By: Heather Williams
What do chicken and urinary tract infections have in common? More than you might think. Research is making the unlikely connection between poultry consumption and antibiotic resistant urinary tract infections. How could these two be linked? Research is pointing to prophylactic antibiotic use in chicken farming.
Urinary tract infections (UTIs) rank the second most common type of infection in the human body. This accounts for around $1- 2 billion each year in health care related costs. That is quite a lot of doctor visits. 8.1 million, in fact. It is estimated that around 85% of these urinary tract infections are the extraintestinal pathogenic Escherichia coli, or ExPEC kind. Historically doctors have attributed this connection as coming from the patient’s own intestines, though new research is bringing new light to this mystery.
In the past decade drug-resistant E. coli has increased substantially. This has made managing simple UTIs much more complicated. UTIs, left untreated or undertreated, can lead to other illness such as bacteremia, sepsis, or pyelonephritis. Overuse of antibiotics and antibiotics in our food have been indicated as playing a large role in this occurrence.
Separate studies have considered the connection between ExPEC found in chickens compared to those found in humans and the presence of drug-resistant E. coli and infections found in humans. When exposed, the link is clear. There is something to be said for the link between chicken consumption and resistant UTIs.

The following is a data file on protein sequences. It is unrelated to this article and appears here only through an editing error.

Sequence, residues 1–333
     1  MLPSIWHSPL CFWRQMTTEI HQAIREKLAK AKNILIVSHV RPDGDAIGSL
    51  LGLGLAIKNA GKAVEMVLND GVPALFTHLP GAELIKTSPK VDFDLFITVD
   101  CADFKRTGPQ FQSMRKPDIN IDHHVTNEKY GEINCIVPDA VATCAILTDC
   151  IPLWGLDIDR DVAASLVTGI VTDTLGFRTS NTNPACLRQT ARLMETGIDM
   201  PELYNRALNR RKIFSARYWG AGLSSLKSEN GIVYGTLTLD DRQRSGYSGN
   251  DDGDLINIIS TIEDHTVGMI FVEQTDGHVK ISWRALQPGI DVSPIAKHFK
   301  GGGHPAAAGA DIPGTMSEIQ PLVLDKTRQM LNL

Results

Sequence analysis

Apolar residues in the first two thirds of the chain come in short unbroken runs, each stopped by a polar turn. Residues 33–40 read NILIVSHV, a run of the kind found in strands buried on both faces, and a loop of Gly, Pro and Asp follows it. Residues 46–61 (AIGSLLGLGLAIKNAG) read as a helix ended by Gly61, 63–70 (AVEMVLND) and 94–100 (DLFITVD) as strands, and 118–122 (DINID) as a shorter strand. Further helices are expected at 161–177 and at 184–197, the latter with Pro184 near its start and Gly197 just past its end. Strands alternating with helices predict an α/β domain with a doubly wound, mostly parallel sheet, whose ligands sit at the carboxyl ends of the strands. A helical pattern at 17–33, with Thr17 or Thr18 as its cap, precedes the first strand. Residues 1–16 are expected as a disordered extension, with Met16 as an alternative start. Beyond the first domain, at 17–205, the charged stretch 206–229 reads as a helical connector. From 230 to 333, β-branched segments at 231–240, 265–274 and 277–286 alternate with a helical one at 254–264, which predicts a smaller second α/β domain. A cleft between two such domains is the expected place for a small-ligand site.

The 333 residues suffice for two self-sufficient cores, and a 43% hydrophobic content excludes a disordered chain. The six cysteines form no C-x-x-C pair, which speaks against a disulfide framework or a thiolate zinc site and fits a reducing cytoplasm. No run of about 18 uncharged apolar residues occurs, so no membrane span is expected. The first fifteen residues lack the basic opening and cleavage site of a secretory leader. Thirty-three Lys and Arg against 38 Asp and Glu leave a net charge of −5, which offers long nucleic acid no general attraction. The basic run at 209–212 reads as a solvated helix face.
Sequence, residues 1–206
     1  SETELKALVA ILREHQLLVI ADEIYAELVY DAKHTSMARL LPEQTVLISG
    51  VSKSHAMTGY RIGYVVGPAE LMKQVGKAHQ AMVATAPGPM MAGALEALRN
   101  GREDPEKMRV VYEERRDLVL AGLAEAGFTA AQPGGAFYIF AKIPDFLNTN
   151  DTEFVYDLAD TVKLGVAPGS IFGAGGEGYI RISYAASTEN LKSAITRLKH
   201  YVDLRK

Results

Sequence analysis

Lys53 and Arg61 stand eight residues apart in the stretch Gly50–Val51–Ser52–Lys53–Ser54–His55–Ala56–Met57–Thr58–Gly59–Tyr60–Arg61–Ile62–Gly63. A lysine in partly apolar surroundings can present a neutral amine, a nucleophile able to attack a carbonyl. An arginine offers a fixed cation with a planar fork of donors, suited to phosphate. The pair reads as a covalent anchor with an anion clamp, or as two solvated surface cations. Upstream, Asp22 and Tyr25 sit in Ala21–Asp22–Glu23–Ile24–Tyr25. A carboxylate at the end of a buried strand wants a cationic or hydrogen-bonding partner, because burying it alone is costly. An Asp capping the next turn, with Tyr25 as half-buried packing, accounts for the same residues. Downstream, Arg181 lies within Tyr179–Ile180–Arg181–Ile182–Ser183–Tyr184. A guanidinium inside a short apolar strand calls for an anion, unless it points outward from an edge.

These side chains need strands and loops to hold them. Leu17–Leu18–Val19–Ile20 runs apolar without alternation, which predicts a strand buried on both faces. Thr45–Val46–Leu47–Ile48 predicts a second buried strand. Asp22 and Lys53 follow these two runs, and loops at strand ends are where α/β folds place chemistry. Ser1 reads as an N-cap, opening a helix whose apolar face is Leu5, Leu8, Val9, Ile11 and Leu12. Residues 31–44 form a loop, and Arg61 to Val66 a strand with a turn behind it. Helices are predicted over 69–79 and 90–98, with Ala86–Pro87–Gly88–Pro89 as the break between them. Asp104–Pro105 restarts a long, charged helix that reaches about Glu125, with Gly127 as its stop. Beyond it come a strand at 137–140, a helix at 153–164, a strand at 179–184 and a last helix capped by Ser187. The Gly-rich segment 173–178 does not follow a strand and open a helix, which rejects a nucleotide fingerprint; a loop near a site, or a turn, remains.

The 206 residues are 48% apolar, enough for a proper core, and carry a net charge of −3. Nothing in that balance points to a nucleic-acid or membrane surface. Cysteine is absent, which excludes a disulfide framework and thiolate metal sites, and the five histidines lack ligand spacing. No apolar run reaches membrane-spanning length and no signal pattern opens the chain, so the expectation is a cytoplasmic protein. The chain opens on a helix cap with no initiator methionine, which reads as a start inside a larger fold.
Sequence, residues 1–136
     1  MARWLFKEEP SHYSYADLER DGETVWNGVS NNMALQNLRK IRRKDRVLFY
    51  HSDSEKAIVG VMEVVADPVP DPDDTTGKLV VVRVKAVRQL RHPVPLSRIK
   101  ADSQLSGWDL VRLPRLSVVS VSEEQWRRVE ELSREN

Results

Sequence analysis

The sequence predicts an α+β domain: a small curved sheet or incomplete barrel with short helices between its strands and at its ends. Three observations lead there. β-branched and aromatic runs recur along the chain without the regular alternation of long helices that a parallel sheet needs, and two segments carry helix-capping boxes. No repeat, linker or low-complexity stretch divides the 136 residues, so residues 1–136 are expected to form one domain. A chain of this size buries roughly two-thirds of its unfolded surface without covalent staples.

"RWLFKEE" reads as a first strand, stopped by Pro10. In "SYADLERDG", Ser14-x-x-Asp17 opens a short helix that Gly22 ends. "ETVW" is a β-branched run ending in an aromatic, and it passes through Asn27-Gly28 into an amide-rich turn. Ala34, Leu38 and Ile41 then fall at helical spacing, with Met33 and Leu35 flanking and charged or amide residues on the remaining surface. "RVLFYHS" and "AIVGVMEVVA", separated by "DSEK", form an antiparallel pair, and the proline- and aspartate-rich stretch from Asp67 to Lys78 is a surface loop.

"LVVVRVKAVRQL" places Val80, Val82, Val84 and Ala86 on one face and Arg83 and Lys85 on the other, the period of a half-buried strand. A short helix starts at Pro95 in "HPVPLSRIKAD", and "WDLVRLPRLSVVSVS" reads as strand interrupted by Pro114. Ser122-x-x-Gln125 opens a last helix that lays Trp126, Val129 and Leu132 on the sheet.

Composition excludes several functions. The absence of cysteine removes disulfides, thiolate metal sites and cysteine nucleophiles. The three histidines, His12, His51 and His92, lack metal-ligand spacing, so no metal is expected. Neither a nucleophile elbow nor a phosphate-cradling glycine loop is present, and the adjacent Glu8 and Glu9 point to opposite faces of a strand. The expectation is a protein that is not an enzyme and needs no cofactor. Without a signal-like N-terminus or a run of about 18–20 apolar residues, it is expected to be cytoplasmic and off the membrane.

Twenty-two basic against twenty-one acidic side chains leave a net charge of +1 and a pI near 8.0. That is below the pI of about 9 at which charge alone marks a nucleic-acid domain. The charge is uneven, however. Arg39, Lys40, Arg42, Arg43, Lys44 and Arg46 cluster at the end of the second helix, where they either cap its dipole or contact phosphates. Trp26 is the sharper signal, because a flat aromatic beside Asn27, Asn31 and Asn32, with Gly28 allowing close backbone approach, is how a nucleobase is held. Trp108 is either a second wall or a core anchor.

Chicken and ExPEC. A Human Connection
A study published in the Center for Disease Control and Prevention (CDC) Emerging Infectious Diseases periodical makes the connection of “Chickens as reservoir for Extraintestinal Pathogenic Escherichia coli in humans.” While scientists in this particular study suspected chicken to be charged as a possible reservoir for ExPEC, they didn’t want to rule out other retail meat. To perform a thorough investigation, they tested beef and pork samples as well. The study found that the ExPEC found in chickens were more genetically similar to the ExPEC found in humans with E. coli than those found in beef and pork. Scientists found that the genetic similarities between E. coli found in chickens and in ExPEC causing UTIs in humans makes them likely responsible for human infection.
These difficult to treat UTIs were originally thought to originate in the host’s intestinal tract. This study examined the genetic similarities between human to human E. coli strains and animal source E. coli strains by comparing ExPEC found in humans and those found in the cecal content of chicken, cows, and pigs. The cecal content of potential animal reservoirs was chosen as a sample source to rule out potential contamination during the meat preparation process by food handlers. The cecal content would be the most likely contaminant caused by slaughterhouse originating infection, as most foodborne contamination originates from this source. The study found that the ExPEC found in humans with UTIs was more genetically similar to the ExPEC found in cecal content of chickens than those found in the gut of humans or cecal content of pigs and cows.
Antibiotic Resistance and Chicken
A study out of Alberta Canada took a look at resistance phenotypes (how the bacteria behaved) and resistance genes (the genetic makeup of the bacteria) from E. coli isolates from retail meats such as chicken, turkey, beef, and pork. The purpose of this study was to identify potential sources of resistant bacteria on the foods that we consume.